Synonyms: Bicuculla cucullaria, Dicentra cucullaria var. occidentalis, Dicentra occidentalis
Dicentra cucullaria is an attractive perennial wildflower relative of bleeding hearts. It arises from an erect root covered with numerous, bulbous tubers. Numerous long-petioled leaves arise at ground level. Individual leaves are compound pinnate, often three to four times compoundly divided into linear segments roughly 1.5 to 3 mm in length.
The flower-bearing stems arise separately from the leaves (as seen in the photos), and are topped by loose racemes of from 3 to 8 flowers. Flowers are four-petaled. The corollas are creamy white or pinkish, the inner petals being yellow-tipped (See photo at right.) The petals are about 1 cm in length and the outer petals each have a curved, divergent spur about 7-11 mm in length. The seed capsules are fusiform.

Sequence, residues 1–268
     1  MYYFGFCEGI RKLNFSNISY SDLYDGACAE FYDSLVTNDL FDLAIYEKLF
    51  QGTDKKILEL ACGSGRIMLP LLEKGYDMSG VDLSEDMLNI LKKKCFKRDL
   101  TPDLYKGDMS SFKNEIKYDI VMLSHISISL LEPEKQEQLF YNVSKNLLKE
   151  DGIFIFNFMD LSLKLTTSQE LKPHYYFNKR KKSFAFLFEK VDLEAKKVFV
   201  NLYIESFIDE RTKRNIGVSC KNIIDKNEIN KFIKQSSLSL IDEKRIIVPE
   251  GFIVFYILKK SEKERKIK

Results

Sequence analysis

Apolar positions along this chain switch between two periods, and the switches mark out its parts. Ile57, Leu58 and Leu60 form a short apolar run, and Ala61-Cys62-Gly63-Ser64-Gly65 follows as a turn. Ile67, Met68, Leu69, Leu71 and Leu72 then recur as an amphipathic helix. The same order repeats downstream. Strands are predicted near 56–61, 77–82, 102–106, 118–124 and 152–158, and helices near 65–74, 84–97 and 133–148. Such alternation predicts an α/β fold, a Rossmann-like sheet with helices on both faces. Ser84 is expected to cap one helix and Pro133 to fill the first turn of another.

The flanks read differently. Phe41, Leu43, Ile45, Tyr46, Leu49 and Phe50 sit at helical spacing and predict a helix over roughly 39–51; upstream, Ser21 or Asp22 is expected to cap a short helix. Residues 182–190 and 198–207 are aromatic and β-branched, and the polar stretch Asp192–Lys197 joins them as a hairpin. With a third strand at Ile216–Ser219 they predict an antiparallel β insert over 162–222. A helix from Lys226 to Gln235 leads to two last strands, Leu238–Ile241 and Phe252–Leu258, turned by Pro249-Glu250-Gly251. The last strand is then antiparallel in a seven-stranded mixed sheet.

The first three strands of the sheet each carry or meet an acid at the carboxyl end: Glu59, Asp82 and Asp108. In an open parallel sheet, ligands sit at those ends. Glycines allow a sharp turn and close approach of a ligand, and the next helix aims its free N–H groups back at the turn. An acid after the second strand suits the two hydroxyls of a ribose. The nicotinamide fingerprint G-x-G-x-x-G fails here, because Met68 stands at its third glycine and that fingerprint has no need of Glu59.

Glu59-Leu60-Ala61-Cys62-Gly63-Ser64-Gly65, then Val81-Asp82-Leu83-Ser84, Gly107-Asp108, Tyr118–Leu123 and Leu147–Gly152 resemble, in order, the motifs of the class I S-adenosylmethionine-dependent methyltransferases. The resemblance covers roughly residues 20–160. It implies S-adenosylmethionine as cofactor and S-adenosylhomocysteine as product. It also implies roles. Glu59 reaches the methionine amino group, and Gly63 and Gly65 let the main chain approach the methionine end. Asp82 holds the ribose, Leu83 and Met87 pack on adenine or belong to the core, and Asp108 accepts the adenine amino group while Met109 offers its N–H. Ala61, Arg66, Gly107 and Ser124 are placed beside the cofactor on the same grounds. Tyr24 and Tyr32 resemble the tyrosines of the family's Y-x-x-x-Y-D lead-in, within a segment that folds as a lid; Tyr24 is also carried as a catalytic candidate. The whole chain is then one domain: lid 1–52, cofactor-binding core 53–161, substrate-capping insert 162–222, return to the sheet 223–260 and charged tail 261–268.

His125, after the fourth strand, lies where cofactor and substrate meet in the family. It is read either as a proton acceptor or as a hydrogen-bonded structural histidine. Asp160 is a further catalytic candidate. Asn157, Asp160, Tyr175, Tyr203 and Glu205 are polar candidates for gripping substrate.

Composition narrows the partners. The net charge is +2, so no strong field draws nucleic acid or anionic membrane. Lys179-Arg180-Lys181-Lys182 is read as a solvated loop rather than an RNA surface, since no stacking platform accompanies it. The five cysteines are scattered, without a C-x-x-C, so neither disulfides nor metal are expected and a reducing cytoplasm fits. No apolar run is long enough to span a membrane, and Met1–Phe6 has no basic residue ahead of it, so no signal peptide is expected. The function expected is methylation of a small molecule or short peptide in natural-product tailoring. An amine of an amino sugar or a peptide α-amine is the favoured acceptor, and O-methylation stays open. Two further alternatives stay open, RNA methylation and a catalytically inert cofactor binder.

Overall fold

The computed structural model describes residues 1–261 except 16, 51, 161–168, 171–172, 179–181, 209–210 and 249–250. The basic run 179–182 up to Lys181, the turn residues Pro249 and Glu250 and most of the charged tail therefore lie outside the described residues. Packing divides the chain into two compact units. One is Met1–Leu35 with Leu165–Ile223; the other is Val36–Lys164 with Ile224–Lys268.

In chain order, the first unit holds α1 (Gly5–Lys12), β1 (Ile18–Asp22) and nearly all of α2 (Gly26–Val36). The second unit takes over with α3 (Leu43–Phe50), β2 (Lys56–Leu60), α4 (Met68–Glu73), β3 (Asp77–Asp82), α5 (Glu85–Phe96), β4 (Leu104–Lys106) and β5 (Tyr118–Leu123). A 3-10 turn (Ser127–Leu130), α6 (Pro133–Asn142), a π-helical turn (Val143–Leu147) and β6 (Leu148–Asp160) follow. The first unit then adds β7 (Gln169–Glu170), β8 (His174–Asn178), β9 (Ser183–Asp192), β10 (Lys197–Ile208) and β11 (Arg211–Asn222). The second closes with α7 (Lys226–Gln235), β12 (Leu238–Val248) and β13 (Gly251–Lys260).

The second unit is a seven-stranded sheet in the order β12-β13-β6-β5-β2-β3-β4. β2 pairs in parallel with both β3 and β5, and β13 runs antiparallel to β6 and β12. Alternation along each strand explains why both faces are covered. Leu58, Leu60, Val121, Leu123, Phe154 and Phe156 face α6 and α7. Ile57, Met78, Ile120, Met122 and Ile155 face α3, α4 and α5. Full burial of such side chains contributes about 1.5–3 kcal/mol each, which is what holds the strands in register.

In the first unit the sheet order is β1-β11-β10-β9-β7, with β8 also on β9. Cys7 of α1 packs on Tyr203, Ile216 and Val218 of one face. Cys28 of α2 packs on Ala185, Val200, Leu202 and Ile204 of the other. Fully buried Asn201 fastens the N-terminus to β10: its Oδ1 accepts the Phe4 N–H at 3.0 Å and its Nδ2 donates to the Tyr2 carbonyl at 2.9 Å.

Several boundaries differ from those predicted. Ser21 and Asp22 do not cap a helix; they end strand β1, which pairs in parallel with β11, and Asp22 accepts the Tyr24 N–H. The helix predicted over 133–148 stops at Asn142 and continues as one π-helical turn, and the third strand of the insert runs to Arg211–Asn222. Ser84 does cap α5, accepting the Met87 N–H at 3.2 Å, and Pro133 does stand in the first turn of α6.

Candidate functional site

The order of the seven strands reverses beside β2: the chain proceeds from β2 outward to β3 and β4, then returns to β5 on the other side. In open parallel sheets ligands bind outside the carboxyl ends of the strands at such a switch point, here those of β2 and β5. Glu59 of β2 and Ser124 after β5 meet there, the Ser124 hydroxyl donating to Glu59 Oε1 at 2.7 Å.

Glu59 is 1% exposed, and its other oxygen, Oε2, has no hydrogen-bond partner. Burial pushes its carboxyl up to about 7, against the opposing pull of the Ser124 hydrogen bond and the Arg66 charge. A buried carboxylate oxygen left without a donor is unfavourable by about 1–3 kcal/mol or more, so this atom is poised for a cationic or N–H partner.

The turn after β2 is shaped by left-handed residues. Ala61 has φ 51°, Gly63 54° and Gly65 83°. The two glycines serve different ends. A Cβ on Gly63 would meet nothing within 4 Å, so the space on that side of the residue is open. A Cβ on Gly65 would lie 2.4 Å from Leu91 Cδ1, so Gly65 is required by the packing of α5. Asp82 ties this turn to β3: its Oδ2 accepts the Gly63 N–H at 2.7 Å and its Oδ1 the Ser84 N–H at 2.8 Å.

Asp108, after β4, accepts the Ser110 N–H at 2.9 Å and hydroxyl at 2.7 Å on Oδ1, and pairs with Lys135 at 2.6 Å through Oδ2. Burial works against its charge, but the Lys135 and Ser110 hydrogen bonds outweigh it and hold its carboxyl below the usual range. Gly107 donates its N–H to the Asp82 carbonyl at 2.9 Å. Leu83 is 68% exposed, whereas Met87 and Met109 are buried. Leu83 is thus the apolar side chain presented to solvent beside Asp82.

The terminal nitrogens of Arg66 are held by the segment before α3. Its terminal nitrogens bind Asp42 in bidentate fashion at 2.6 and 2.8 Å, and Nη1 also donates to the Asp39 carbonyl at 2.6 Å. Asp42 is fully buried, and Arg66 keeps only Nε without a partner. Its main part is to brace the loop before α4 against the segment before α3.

This is an attractive wildflower for native gardens, especially when it can be planted away from taller plants that may overpower it. The flowers and lacy foliage are both attractive. It arises in early spring and disappears by May. Slugs like it and its more common cousin, the Bleeding hearts. Dutchman's breeches would probably be more suited for gardens east of the Cascades, however I've had several plants surviving in thick pine litter for at least five years. They are definitely pretty mixed in with bleeding hearts, shooting stars and fawn lilies.
Dutchman's breeches is found in moist soils and gravelly banks. In the Columbia River Gorge, it is often found within woodlands of Oregon white oak.
Dutchman's breeches is found in the west primarily along the Columbia and Snake Rivers from about Crown Point in the western Columbia River Gorge and extending eastward to southeastern Washington and northeastern Oregon and western Idaho (in the vicinity of the Snake River).
Variety cucullaria is found extensively throughout central and eastern North America (from the eastern edge of the Great Plains).